What Does It Mean to Be a Young Writer Today?
Take our own Ken Baumann. He’s twenty, and already toying with a style, voice, and rhythm all his own–see the newest New York Tyrant for proof. His work is at once strange and familiar, careful and mindful without constraining a sense of freedom which announces the promise of novelty, of a literature which is no longer merely literature. If any of that makes any sense to anyone. What I mean to say is, Ken is a young–very young, college-aged–prose stylist. Perhaps that is a rare feat. Perhaps it is not. But not often does an artist so young fulfill the promise of youth by making it new.
Take Zachary German. He’s twenty-one, I believe, and while he indeed belongs to a certain class of writers, his style, at a very original pace, moves toward a terminal space, a degree-zero. His work has much to say about contemporary art, culture, and values, on both a level of doing and being. In many ways, he walks the talk of a young Camus. He’s twenty-one. How?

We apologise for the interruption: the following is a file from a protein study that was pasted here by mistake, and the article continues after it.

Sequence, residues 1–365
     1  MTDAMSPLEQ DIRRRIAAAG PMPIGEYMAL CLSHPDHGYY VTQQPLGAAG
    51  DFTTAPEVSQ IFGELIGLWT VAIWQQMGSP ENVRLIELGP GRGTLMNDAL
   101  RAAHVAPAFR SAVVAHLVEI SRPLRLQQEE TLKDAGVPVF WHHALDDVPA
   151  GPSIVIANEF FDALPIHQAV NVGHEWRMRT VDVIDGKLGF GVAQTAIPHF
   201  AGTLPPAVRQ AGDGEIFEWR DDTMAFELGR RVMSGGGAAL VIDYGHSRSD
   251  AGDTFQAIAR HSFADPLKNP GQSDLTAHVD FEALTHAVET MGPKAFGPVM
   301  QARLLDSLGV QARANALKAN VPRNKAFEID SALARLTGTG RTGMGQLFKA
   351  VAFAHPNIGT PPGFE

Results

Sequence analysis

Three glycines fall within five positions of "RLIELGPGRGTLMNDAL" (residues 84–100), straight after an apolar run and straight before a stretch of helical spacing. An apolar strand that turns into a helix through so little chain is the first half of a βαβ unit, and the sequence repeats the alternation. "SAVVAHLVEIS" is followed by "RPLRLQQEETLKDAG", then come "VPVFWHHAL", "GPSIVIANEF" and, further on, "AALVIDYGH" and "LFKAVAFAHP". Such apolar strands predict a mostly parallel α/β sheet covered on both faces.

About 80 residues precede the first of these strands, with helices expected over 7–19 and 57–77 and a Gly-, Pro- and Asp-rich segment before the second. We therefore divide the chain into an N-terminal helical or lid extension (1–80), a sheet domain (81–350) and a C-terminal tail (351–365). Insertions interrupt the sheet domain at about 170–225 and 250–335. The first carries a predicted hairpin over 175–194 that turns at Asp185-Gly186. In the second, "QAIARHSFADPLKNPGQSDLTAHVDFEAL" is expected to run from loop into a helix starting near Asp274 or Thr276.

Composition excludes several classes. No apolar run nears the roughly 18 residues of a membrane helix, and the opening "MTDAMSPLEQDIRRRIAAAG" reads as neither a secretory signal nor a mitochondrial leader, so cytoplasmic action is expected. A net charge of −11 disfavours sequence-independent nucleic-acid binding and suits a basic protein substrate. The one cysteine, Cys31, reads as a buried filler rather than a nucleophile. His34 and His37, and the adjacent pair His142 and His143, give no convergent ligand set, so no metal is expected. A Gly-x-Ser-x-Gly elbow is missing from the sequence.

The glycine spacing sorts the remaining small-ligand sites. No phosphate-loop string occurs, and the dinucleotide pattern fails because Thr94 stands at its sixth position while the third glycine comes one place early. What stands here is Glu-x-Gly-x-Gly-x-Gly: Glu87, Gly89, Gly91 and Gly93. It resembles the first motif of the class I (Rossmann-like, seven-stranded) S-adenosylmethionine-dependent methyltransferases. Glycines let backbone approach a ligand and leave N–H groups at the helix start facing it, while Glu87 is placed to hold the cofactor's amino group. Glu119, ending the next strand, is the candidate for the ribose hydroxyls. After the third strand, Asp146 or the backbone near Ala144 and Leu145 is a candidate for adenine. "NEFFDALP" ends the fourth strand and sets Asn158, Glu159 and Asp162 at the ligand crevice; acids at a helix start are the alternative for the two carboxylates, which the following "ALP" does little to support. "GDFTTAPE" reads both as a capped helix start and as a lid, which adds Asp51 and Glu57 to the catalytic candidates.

I’m nineteen. I strive for an immediate stylism in my work. Whether or not I’m successful I cannot say. READ MORE >
January 21st, 2010 / 5:42 pm